I’ve seen them on the news. Shawled women, tired and hungry children, stooping on roadsides gathering dandelions to cook. Starving refugees. Dandelions are the food of refugees.
At least that’s what I thought until I started reading a book my dad gave. It’s called Field Guide to Edible Plants by Bradford Angier. And it turns out that dandelions are not only eaten by those in dire situations, they are also eaten by people who simply love field greens. My grandparents probably ate dandelions. Your grandparents probably ate dandelions. They are readily available (found worldwide), cheap, and easy to cook. And now we know they pack a punch of vitamins. Refugees could do much worse.
But there is a downside. Bitterness. Extreme bitterness. In the article Making Dandelions Palatable John Kallas, writer for Backwoods Home Magazine and PhD of something outdoorsy, explains why so many of our elderly who remember eating dandelions don’t remember them being bitter. It’s all in the cooking. Some say it’s all in when you pick them, and that may have some impact, but cooking is they key. If you do it right, you can take a bitter piece of weed and turn it into a .. well, first I want to tell you about my family’s experience. I cooked dandelions for dinner last night.
Step One: Gathering
The first step was to find dandelions in a section my yard that has not been treated with any pesticides or peed on by the family dog. I don’t put pesticides on any of my yard, and no longer have a dog, so it was pretty much open season on the backyard.
I found plenty of dandelions, which I recognized by the zigzaggy leaves and the flower. I snipped off the leaves, leaving the root so it will grow back. (The roots are edible as well, but that’s for another meal.) But gathering the leaves got tricky when I realized some of the dandelion leaves weren’t as zigzaggy as the others. They were a little smoother and rounder. I wondered if they were a poisonous cousin. I snipped them anyway (rejecting any leaves with bird doo on the them) and then did a little research.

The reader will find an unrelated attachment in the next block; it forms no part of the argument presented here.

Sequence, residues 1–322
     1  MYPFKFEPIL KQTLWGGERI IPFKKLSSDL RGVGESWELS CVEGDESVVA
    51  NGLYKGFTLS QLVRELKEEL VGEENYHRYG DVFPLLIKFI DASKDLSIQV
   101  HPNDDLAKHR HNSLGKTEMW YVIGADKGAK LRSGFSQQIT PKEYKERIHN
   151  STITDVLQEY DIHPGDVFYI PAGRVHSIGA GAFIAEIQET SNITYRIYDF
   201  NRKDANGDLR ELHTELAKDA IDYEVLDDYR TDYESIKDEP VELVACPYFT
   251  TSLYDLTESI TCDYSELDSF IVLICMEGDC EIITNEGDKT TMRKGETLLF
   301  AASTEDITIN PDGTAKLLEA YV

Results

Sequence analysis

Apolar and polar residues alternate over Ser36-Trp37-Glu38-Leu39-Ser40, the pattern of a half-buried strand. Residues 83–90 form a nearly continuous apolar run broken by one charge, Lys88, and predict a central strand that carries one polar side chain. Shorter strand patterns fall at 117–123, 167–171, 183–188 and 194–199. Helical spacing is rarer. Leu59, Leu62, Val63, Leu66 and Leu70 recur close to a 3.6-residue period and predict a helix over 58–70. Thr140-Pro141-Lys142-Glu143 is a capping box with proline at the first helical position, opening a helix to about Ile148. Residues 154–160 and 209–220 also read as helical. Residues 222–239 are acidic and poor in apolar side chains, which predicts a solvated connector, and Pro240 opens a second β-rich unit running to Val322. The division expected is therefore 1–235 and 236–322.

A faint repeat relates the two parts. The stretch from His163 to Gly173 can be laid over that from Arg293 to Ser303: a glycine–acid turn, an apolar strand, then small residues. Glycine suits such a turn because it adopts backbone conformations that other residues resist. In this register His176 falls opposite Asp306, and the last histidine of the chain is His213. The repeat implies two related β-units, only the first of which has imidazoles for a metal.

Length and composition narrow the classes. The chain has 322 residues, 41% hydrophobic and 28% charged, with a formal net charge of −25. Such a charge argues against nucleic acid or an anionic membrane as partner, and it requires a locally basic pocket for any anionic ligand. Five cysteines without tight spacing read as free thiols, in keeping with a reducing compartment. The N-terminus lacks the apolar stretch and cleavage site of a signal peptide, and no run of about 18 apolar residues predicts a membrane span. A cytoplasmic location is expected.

Turns out there is a plant called false dandelion “Catsear” (Hypochaeris radicata or Hypochoeris radicata). The only difference between eating this plant and true dandelions is that catsear is less bitter. According to Identifying and Harvesting Edible and Medicinal Plants in Wild and Not So Wild Places, there are no poisonous look-alikes. Snip away!
Step Two: Wash Wash Wash
You would be surprised at how many little critters hide on dandelion leaves. Wash them thoroughly in cold water.
Step Three: Cook
Now here’s where you have to make a decision. It is very likely the batch of dandelions you just picked is the bitter kind, no matter how young the leaves or what time of year you picked them. Imagine biting into an aspirin. It’s worse.
One way the old timers took the bitter out, was to cook it in bacon fat – saute style. The fat apparently masks your taste buds, keeping the bitter away. Another way is to boil them and add sugar. And another way is to boil, drain, and repeat until the bitterness is gone. Unfortunately, every time you boil the greens, they lose some vitamin content. Cooking in fat would reduce the vitamin leaching, but would add… fat! You’re going to have to decide which route to go yourself. I kinda sorta did all three.
I put the uncut leaves (not cutting them also helps keep the vitamins in, or so goes the thought) in a pot of boiling water with some bacon fat and sugar. After boiling for five minutes I tasted them and did a yucky dance. I drained the water off and repeated. By that time the rest of dinner was ready, so I decided it was done. Looking back, this may have been a mistake.
Step Four: Chew and Swallow
The trick to getting your kids to try dandelions is to offer them money. I started at offering 50 cents to any kid who could swallow a bite. They countered at $1.00. We settled at 75 cents.
So we dished up our ham, mashed potatoes, green beans, and rolls (for those who aren’t gluten free), and then the dandelions. They were so pretty! So green! So tender! So bitter! You may have to be starving to eat them. Shawl optional.
But I’m proud to say all three kids ate their dandelions. Husband opted out. 75 cents wasn’t worth it to him. I’m not sure $10 would have done the trick. And I ate mine, too, although I had to drown them in butter and wash them down with several bites of ham. I might as well have sauteed them in bacon fat. In fact, next time that’s what I’m going to do.
But we did it! We ate dandelions from our yard. How cool is that?
I also found read in my book that we can eat our birch trees. And chickweed. And clover. I’m going to have fun eating my yard this summer. Which reminds me, I’d better start saving my change. The cost of bribery is likely to go up.